November 2, 2010
Deported Mexicans leave two small kids in Lodi
By Stephen Magagnini, Sacramento Bee
Every day, 2-year-old Kimberly Vrabo peeks around her apartment complex for her mom. If she hears police sirens, she runs inside.
Kimberly's mother, Maria Magdalena Perez-Rivera, got into a fight with her boyfriend, Vicente Tellez, on a Saturday night.
The next morning, Perez-Rivera's sister called Lodi police. Two days later, the undocumented couple were deported to Mexico, leaving behind Kimberly and the couple's 3-month-old son Anthony Tellez.
Their swift removal has shattered the family. And Sacramento's Mexican Consul General Carlos González Gutiérrez and UC Davis Law School Dean Kevin Johnson question whether justice has truly been served.
More people are being deported than ever – 50,000 in Northern California in the last three years, compared to 17,317 from 2001-2003, according to U.S. Immigration and Customs Enforcement. Half the deportees have been convicted of crimes.
But the Lodi couple, each charged with felony domestic violence, were never tried or convicted. Perez-Rivera, whose family claims she was beaten repeatedly, was not given the chance to apply for a U visa, which protects crime victims from being deported if they cooperate with law enforcement.
"This deportation scenario is all too common. It illustrates the potential pitfalls of local police cooperating with immigration authorities," said Johnson. "Immigrant women in particular are going to underreport domestic violence, and generally, immigrant communities are going to be less likely to cooperate with police for fear of being deported."
One third of Lodi's 65,394 people are Latinos.
"We do not deport people; we encourage victims and witnesses of crimes to feel free to speak with us," said police spokesman Eric Bradley. "Our interest is in protecting the community."
When the couple were booked into the Lodi jail on felony charges, their fingerprints were sent to ICE under the federal government's partnership with local law enforcement, Operation Secure Communities, designed to identify criminal aliens for possible removal.
"Instead of giving them a chance to talk to a judge and present their case for some type of legal relief to resolve the issue, two days later the ICE van picks them up and they are sent to Mexico," said González Gutiérrez. "The tragedy is that there are two little kids who remain with the grandmother."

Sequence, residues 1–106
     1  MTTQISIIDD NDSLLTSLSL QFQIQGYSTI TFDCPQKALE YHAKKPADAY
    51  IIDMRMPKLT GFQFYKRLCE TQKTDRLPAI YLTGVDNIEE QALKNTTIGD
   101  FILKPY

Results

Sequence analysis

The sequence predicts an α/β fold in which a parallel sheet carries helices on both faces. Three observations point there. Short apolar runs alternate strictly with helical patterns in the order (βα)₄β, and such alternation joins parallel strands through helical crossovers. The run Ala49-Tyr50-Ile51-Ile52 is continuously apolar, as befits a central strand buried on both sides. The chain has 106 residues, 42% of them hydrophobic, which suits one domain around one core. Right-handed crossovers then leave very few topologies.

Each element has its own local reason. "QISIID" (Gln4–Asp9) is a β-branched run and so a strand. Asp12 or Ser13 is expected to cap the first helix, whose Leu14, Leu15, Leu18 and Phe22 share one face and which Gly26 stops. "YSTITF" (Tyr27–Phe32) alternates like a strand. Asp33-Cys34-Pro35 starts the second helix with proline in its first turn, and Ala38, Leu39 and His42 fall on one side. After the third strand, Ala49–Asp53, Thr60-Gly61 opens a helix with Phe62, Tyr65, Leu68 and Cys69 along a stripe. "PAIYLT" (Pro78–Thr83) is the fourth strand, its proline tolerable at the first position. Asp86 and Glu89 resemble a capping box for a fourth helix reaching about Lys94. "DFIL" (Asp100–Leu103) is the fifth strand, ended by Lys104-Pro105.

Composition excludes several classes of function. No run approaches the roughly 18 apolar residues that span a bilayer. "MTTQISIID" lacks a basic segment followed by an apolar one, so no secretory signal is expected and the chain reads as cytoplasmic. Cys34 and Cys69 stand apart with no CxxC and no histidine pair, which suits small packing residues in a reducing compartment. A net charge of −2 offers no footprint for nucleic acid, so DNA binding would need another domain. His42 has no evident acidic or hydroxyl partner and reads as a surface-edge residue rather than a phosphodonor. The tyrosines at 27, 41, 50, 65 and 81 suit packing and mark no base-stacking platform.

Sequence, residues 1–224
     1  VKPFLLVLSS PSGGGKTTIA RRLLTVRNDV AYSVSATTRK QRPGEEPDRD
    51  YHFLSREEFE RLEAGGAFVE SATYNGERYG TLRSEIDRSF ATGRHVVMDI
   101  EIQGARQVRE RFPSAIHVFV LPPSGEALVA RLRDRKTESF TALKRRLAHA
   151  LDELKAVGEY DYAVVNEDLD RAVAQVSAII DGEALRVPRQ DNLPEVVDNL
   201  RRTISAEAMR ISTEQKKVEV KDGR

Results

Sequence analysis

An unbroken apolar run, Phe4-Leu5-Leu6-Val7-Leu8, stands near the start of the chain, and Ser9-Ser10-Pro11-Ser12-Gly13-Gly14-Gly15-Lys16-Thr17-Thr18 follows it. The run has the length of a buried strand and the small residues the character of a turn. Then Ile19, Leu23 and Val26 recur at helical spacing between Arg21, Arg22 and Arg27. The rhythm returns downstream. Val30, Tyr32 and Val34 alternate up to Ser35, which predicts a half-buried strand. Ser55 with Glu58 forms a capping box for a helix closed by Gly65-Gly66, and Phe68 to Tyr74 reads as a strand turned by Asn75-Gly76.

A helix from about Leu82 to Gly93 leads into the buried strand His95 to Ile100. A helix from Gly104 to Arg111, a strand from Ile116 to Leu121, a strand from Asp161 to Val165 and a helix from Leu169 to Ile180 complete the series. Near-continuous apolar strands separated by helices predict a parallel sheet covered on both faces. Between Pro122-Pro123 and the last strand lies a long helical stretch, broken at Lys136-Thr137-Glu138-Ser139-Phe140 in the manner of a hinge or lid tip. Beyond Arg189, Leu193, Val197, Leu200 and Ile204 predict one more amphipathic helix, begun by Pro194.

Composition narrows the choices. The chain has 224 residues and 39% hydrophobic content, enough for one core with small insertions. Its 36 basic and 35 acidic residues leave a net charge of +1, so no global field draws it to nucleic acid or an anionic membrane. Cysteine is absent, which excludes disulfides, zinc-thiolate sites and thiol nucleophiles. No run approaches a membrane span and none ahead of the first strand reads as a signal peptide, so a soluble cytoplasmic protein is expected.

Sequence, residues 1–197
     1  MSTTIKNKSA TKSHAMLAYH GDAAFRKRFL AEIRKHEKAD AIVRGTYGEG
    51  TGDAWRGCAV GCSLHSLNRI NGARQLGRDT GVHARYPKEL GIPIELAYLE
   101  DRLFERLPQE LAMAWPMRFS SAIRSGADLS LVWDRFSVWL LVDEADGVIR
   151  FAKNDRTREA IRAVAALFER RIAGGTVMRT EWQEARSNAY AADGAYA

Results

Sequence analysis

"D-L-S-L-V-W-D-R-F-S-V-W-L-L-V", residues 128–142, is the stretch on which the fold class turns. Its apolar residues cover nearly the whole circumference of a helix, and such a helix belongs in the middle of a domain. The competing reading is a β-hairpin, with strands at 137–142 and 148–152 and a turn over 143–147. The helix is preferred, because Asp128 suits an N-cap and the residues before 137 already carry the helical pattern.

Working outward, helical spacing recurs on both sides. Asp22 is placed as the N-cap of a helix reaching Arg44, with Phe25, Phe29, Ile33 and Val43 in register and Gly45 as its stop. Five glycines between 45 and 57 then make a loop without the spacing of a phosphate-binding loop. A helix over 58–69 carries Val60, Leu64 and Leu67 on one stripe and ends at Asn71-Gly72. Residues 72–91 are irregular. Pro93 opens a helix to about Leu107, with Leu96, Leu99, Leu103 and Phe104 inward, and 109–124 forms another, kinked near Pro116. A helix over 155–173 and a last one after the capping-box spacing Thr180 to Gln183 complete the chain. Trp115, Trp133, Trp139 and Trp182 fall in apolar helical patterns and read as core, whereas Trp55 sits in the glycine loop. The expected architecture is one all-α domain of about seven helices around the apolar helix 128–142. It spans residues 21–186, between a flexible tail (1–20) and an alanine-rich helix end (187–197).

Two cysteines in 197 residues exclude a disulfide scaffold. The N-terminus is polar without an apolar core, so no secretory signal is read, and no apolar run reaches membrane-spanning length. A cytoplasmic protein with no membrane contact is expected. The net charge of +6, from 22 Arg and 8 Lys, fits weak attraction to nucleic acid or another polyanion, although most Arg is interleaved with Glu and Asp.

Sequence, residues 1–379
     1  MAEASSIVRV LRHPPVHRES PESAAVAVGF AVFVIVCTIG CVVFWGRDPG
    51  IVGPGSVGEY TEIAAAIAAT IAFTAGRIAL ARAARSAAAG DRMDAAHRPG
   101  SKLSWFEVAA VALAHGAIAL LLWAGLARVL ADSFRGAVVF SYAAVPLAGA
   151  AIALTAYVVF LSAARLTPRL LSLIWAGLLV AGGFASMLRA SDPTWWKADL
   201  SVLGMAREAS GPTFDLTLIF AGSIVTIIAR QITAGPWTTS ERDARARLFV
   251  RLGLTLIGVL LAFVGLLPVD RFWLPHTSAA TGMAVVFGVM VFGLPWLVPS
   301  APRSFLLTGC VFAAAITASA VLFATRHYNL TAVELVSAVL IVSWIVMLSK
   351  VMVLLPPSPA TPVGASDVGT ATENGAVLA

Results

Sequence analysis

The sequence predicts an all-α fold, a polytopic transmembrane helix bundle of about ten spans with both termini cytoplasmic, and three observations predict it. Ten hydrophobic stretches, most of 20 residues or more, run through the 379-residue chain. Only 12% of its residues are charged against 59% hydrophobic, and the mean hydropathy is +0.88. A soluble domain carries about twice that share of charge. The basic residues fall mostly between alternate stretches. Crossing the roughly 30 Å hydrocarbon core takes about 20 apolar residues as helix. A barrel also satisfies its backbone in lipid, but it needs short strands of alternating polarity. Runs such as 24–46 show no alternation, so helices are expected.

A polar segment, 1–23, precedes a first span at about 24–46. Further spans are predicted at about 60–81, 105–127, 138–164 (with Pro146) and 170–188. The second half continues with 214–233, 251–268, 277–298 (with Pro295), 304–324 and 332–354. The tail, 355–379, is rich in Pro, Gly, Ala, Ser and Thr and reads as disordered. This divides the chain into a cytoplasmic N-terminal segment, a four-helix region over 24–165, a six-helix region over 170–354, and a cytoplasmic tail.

Perez-Rivera's mom, Ana Maria Rivera, quit her $500 a week job at the cherry packing plant to care for her grandkids. "Maria's sad, she's afraid. She wants to come back, but she doesn't want to go back with Vicente," Rivera said.
If Perez-Rivera, 21, is caught trying to return to the United States, she could face two to 20 years for illegal re-entry.
Tellez, a 21-year-old farmworker, and Perez-Rivera started going out about a year ago and moved into their own apartment, according to family.
At 11 a.m. Sept. 19, Lodi police got a call from Perez-Rivera's 17-year-old sister Ana. "I wanted to go to church with her and I saw her with bruises and scratches on her face and body," she said.
That Sunday afternoon Tellez contacted police "to share his version," Bradley said. "He had scratches, a cut lip and a possible bite mark. It looks like the argument escalated into mutual combat; that's why she was arrested as well."
Neither Perez-Rivera nor Tellez had prior contact with police, Bradley said.
Police referred the case to the San Joaquin County District Attorney's Office, which decided not to prosecute. The office did not return numerous calls from The Bee.
If the couple had been booked on lesser misdemeanor domestic violence charges, "ICE might not even have picked up on this because they're focusing on felonies," Johnson said. "But there's an incentive to charge them with the maximum and get them deported so you don't ever have to deal with the criminal charges."
On Sept. 21, Perez-Rivera was taken into custody by ICE agents, who are "routinely notified by jail officials when foreign nationals are booked," said ICE spokeswoman Lori K. Haley.
Perez-Rivera waived her right to an immigration hearing and signed documents agreeing to voluntarily depart the United States, Haley said. She was repatriated to Mexico later that day.
"She was told no bond was possible and she would have to stay in jail for an indefinite amount of time without her kids – the worst of both worlds," González Gutiérrez said. "Illegal immigrants have to make quick decisions with not enough information and no counsel. We asked ICE to grant her bail, but it was too late."
González Gutiérrez said the focus of the case should have been "on Maria as a victim of domestic violence, instead of deporting her."
The U.S. government has issued 10,000 U visas to immigrants who are crime victims or witnesses, said U.S. Citizenship and Immigration Services spokeswoman Chris Rhatigan. "It allows them authorization to work, and eventually apply for a green card."
But if an alleged victim of domestic violence is determined to be the aggressor, that could eliminate them as a U visa candidate, said ICE press secretary Kelly Nantel.
González Gutiérrez said Perez-Rivera's priority is to be reunited with her kids.
"She has two options," he said. "To try to come back into the U.S., pay a huge amount of money to a smuggler and run a much greater risk going through the desert, or get her kids to Mexico."
The consulate is trying to get permission from the fathers of both of Perez-Rivera's children to grant them Mexican passports and fly them to Mexico with a consular official, González Gutiérrez said.
Perez-Rivera wants her sister Ana to bring her kids to Mexico.
"She didn't want me to call the cops," her sister said. "But I don't regret making the call even though she's not here. She might have ended up in the hospital, or gotten killed."
Read more: http://www.sacbee.com/2010/11/02/3151148/deported-mexicans-leave-two-small.html#ixzz149GfhYcJ